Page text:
Contracts For a Third-Party Beneficiary. A Historical and Comparative Account


Through recent changes in Dutch (1992) and English (1999) private law, contracts for a third-party beneficiary are, in Western Europe, nowadays considered to be effective and enforceable. This concept is, however, incompatible with both the civilian tradition on the continent and the traditional parties-only rule of English common law. The purpose of this study is to show how the problem of the third-party beneficiary was dealt with during the various periods of Western legal thought and to discuss the subject from the perspective of present-day comparative law. The book is of interest not only to legal historians, but also to all who are engaged with present-day private law – scholars, practitioners and advanced students.

Contributors include David Ibbetson, Regius Professor of Civil Law at the University of Cambridge, and Hendrik Verhagen, Professor of Private International Law, Comparative Law and Civil Law at the Radboud University Nijmegen, attorney at the firm Clifford Chance Amsterdam, and deputy justice at the Court of Appeal, ’s-Hertogenbosch.

Studies in the History of Private Law, vol. 1
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Biographical Note

Jan Hallebeek (1954) is Professor of European Legal History at the VU University Amsterdam and deputy justice at the Court of Appeal 's Hertogenbosch.

Harry Dondorp (1956) is senior lecturer in European Legal History at the VU University Amsterdam.

Review Quotes

"[The book] succeeds as an excellent point of entry to what at times can seem like a highly complex subject. [..] [The editors] and their fellow contributors have undoubtedly got the new series off to the strongest possible start."
Warren Swain, The Edinburgh Law Review

Table of contents


Jan Hallebeek

I Roman Law
1.1 introduction
1.2 Justinian’s Institutes: alteri stipulari nemo potest
1.3 classical Roman law: alteri stipulari dari nemo potest
1.4 later developments
1.5 the stipulator has an interest himself
1.6 mandatum alteri and pacts in favour of a third party
1.7 per extraneam personam nihil adquiri posse
1.8 acquisition of remedies through slaves and children under paternal control
and similar cases
1.9 exceptional cases where a third-party beneficiary has an action
1.10 conclusion

II Medieval Legal Scholarship
2.1 alteri stipulari nemo potest; the medieval approach in general
2.2 the example of Canon law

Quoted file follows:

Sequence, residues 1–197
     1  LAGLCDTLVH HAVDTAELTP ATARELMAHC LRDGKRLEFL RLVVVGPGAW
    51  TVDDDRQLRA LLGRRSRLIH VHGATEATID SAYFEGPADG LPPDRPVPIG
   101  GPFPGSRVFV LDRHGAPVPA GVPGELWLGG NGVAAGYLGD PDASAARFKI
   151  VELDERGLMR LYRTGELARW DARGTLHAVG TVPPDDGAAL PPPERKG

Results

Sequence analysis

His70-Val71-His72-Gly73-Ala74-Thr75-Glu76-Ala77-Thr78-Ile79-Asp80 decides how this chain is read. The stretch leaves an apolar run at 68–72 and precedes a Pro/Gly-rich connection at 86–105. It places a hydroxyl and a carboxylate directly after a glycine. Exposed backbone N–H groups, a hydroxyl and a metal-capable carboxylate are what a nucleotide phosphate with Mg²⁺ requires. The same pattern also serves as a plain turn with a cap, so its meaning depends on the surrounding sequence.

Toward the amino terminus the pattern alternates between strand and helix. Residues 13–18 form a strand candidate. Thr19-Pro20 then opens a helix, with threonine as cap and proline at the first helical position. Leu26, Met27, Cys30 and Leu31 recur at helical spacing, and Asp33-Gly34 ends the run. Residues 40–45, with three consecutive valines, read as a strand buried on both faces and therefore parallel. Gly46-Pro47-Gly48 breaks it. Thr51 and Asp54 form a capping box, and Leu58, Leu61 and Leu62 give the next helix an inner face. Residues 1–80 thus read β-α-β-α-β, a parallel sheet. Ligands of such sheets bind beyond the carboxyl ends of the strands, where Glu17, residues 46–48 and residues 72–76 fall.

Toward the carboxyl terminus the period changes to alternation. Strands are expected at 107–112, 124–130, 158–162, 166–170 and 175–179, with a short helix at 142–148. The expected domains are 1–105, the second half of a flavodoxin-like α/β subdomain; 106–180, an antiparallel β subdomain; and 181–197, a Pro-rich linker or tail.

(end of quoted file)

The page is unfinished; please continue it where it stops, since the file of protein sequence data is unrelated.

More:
2.3 the example of Castile
2.5 developments in civilian legal scholarship
2.6 conclusions

Harry Dondorp

III The Seventeenth and Eighteenth Centuries
3.1 introduction
3.2 influence of the Canon law of contract
3.3 third-party rights: the Castilian alternative
3.4 Natural law
3.5 legal practice
3.6 ‘ius hodiernum’and legal scholarship
3.7 conclusions

IV The Nineteenth Century
4.1 introduction
4.2 alteri stipulari; the nineteenth century approach in general
4.3 renewed influence of Roman law in Germany
4.4 renewed influence of Roman law in France
4.5 influence of indigenous legal practice in France and Germany
4.6 dogmatic explanations
4.7 life insurance and the stipulation in favour of a third party
4.8 from the contractual clause in the benefit of a third party to the modern third party contract

David Ibbetson

V English Law before 1900
5.1 introduction
5.2 formal contracts and third party rights
5.3 informal contracts and third party rights
5.4 property rights
5.5 privity of contract in the nineteenth century

VI English Law: Twentieth Century
6.1 introduction
6.2 compensatory damages and indirect enforcement
6.3 direct enforcement and commercial practice: complex contracts
6.4 direct enforcement: avoiding the effects of the restriction
6.5 reform of the law
6.6 the Contracts (Rights of Third Parties) Act 1999
6.7 Common law and Civil law

Hendrik Verhagen

VII Contemporary Law
7.1 introduction
7.2 towards a fully emancipated contract in favour of a third party
7.3 the intention to confer a right upon the third party
7.4 acceptance, renunciation and confirmation
7.5 the identification of the third party
7.6 content of the stipulation for a third party
7.7 the legal relationships between stipulator, promisor and third party
7.8 dogmatic explanations for the acquisition of rights by the third party


Index of persons

Index of sources


Those who are interested in legal history and in present day private law, scholars, practicioners and advanced students.


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